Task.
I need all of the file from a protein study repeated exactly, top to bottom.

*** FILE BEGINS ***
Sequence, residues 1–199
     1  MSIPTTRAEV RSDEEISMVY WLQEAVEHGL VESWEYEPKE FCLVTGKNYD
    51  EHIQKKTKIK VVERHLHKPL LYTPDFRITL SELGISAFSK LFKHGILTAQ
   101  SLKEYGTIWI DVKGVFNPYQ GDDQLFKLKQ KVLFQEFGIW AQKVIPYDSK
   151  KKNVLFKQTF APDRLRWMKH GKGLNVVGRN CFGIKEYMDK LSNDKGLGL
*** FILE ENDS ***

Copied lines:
Sequence, residues 1–199
     1  MSIPTTRAEV RSDEEISMVY WLQEAVEHGL VESWEYEPKE FCLVTGKNYD
    51  EHIQKKTKIK VVERHLHKPL LYTPDFRITL SELGISAFSK LFKHGILTAQ
   101  SLKEYGTIWI DVKGVFNPYQ GDDQLFKLKQ KVLFQEFGIW AQKVIPYDSK
   151  KKNVLFKQTF APDRLRWMKH GKGLNVVGRN CFGIKEYMDK LSNDKGLGL